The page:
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The Real Adventure eBook

This eBook from the Gutenberg Project consists of approximately 599 pages of information about The Real Adventure.

And then he pressed her for an immediate decision.  The job would be a good deal of a scramble at best, as the time was short.  If she agreed to it, he’d get in touch with the wardrobe mistress at the Globe, to-night.  As for the money, he had a hundred dollars or so in his pocket, which she could take to start out with.

Of course the only lie involved in all this was the warp of the whole fabric; that he was doing it, impersonally, for the success of the show.  And that might well enough have been true.  Only in this case, it definitely wasn’t.  He was doing it because it would establish a personal connection, the want of which was becoming so tormenting a thing to his soul, between himself and this girl whom he had to order about on the stage and call by her last name, or rather by a last name that wasn’t hers—­an imagination-stirring, question-compelling, warm human creature, who, up to now, had been as completely shut away from him as if she had been a wax figure in a show-window.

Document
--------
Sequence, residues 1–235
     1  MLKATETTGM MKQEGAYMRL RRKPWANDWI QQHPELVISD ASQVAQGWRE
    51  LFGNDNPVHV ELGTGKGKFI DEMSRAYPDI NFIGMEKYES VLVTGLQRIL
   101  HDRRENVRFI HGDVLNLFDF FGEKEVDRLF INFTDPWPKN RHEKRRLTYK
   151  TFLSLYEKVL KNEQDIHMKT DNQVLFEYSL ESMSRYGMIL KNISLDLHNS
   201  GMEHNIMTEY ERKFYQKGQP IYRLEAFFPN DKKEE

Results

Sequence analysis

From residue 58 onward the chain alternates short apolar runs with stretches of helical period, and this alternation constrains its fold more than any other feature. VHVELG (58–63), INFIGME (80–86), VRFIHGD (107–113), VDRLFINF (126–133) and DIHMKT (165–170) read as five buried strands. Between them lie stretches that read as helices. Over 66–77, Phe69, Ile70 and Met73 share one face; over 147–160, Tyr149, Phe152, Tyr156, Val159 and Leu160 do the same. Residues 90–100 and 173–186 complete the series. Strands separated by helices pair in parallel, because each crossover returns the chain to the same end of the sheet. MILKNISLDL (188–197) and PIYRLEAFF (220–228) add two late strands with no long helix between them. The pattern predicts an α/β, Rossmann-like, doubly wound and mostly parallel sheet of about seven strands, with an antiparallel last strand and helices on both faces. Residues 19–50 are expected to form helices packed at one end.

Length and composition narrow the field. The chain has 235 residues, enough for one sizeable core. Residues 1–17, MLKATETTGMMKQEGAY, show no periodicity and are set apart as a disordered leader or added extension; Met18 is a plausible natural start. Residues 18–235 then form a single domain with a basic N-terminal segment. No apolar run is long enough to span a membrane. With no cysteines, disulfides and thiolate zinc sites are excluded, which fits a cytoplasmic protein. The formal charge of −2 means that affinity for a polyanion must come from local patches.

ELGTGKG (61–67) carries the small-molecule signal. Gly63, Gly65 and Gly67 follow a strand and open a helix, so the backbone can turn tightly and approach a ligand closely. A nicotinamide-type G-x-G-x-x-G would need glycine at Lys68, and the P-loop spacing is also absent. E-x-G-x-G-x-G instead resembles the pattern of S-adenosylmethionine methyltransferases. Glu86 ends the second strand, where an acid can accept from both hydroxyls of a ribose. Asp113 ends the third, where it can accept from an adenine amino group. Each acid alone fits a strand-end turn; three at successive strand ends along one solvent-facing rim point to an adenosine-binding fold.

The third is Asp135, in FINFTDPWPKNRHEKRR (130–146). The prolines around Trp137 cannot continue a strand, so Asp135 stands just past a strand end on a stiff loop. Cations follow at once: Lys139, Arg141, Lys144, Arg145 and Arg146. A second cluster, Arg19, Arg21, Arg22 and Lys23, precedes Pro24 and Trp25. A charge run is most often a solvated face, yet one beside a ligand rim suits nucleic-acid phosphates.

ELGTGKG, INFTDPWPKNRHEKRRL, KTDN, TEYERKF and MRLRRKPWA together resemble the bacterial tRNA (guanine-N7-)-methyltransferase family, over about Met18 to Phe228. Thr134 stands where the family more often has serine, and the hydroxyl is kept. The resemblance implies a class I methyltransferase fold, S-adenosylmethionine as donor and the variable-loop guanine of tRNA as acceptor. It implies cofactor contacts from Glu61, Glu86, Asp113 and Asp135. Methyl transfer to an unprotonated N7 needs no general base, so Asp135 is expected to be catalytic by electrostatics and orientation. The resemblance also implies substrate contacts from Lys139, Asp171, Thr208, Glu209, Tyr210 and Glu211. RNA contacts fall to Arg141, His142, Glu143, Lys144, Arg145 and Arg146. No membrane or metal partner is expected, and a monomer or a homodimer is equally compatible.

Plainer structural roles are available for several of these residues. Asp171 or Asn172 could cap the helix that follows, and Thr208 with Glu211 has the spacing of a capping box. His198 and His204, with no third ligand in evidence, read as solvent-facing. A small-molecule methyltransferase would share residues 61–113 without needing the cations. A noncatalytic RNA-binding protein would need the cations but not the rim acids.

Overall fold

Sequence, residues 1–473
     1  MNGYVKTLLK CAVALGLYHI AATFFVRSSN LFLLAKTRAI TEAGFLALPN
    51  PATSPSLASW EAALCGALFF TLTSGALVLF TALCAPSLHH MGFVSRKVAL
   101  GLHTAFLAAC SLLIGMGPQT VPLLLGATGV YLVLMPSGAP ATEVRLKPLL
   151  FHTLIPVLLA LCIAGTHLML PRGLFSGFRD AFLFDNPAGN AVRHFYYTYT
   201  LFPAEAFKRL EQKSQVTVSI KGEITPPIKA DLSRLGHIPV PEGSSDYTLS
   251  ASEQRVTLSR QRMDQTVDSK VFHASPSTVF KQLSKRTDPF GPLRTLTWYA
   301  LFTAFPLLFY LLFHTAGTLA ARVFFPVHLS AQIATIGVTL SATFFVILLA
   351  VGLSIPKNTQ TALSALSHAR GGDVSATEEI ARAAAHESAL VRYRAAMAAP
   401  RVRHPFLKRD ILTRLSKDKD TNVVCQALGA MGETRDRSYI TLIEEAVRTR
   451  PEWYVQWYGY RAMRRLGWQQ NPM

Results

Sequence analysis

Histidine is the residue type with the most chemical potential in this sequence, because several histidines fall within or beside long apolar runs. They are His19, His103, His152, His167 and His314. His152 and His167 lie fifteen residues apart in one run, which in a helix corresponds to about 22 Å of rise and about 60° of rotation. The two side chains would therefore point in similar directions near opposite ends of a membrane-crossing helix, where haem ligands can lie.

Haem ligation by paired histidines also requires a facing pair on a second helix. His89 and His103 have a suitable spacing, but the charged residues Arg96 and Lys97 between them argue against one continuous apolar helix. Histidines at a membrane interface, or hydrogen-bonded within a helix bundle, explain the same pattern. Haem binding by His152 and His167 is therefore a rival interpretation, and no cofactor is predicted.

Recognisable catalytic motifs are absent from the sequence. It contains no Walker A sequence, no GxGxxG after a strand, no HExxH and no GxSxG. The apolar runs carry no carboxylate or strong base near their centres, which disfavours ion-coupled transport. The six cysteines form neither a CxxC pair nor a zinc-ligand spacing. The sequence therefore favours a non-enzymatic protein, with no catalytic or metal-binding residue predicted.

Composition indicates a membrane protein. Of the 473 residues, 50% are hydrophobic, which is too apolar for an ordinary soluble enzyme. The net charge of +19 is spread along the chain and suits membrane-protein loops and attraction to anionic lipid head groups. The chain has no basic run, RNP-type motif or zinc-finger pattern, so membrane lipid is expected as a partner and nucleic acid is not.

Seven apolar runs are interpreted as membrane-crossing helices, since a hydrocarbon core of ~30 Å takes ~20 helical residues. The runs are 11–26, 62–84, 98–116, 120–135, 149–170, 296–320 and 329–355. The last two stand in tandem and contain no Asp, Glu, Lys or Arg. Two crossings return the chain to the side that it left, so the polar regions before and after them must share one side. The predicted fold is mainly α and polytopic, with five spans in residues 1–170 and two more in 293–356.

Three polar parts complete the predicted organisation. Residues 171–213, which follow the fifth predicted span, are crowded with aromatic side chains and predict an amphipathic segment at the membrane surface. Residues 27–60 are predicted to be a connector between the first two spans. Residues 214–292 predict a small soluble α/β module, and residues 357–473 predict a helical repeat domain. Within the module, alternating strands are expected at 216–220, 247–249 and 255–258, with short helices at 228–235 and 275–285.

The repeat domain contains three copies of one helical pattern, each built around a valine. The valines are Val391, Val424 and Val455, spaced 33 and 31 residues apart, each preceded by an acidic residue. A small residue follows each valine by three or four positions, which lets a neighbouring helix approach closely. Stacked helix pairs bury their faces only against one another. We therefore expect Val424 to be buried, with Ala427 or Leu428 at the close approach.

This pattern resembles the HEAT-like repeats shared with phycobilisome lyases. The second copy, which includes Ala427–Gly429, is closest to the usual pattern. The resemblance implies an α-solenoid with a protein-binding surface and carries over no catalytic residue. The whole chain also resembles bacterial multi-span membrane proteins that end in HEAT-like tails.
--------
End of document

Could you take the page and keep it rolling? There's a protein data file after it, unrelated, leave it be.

They had reached the Randolph Street end of the avenue, and a policeman, like Moses cleaving the Red Sea, had opened the way through the tide of motors for a throng of pedestrians bound across the viaduct to the Illinois Central suburban station.

“Come across here,” said Galbraith taking her by the arm and stemming this current with her.  “We’ve got to have a minute of shelter to finish this up in,” and he led her into the north lobby of the public library.  The stale baked air of the place almost made them gasp.  But, anyway, it was quiet and altogether deserted.  They could hear themselves think in here, he said, and led the way to a marble bench alongside the staircase.

Rose unpinned her veil and, to his surprise, because of course she was going out in a minute, put it into her ulster pocket.  But, curiously enough, the sight of her face only intensified an impression that had been strong on him during the last part of their walk—­the impression that she was a long way off.  It wasn’t the familiar contemplative brown study, either.  There was an active eager excitement about it that made it more beautiful than ever he had seen it before.  But it was as if she were looking at something he couldn’t see—­listening to words he couldn’t hear.

“Well,” he said a little impatiently, “are you going to do it?”

At that the glow of her was turned fairly on him.  “Yes,” she said, “I’m going to do it.  I suppose I mustn’t thank you,” she went on, “because you say it isn’t anything you’re doing for me.  But it is—­a great thing for me—­greater than I could tell you.  And I won’t fail.  You needn’t be afraid.”

Inexplicably to him (the problem wouldn’t have troubled James Randolph) the very completeness with which she made this acknowledgment—­the very warmth of the hand-clasp with which she bound the bargain, vaguely disappointed him—­left him feeling a little flat and empty over his victory.

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